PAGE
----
I'm OK with that. Video games have taught me that with so much choice out there, there's no point wasting your time on something particularly hard, boring, or annoying. This is relevant to so much in life, from bad relationships and crap jobs to making your own gnocchi.

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FOGLE FACT: Ben Fogle once defeated a Colombian drug cartel using only a boomerang and some exploited Aborigines. No sorry that was Paul Hogan.

Bosses are c****

Self-explanatory.

There is no such thing as death

Messing up is never final in video games. Sure, you might have to start over, sometimes from the very beginning. But just like in real life, there's always the option to have another go. Unless you are literally dead.

The Sin City game that never was Miller light. The Sin City game that never was

So there you go, Fogle. Stuff Lego, with its 65 year legacy of entertaining literally billions of children. Forget the fact they do a whole range of products designed to promote creativity, and that nowhere in the kit instructions does it say you can't use the bits to make other things. Let's pretend I'm not currently looking at a robot my five year-old built using pieces of Spider-Man's HQ, a Jedi Scout Fighter, and Elsa's Sparkling Ice Castle, like some kind of licensing-crazed Dr Frankenstein.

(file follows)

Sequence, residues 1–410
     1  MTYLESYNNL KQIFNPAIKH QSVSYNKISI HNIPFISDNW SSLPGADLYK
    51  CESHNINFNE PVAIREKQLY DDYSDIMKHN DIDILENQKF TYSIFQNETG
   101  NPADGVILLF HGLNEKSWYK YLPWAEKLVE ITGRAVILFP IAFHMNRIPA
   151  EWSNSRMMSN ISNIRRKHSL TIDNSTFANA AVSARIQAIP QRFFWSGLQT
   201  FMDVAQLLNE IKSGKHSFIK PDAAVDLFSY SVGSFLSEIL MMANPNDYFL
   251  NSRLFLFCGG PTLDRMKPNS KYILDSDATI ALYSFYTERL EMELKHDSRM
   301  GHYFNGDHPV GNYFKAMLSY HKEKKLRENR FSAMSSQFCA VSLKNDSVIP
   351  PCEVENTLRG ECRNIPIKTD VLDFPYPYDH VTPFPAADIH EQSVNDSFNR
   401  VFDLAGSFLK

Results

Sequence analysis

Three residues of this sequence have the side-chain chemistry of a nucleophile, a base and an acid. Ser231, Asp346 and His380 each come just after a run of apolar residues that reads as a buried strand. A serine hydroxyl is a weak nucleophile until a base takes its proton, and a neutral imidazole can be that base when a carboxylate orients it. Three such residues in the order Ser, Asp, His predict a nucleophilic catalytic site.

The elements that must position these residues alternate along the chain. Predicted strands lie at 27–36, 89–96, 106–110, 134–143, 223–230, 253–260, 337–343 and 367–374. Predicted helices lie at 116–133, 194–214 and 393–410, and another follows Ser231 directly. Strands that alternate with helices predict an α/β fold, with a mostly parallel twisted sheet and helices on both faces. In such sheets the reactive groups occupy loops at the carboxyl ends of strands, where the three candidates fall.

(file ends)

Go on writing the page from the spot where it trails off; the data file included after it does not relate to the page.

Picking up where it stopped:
I suggest you throw all your kids' Lego in the bin, along with the money you got paid for being a Lego brand ambassador, and get yourself some good old fashioned video games.

Or, you know, just accept that children don't always like the stuff we want them to like. It's true that toys shouldn't be about making kids conform. But that includes conforming to an idealistic vision of how children should spend their time.

Above all, toys should be fun. And that's something Lego and video games very much have in common.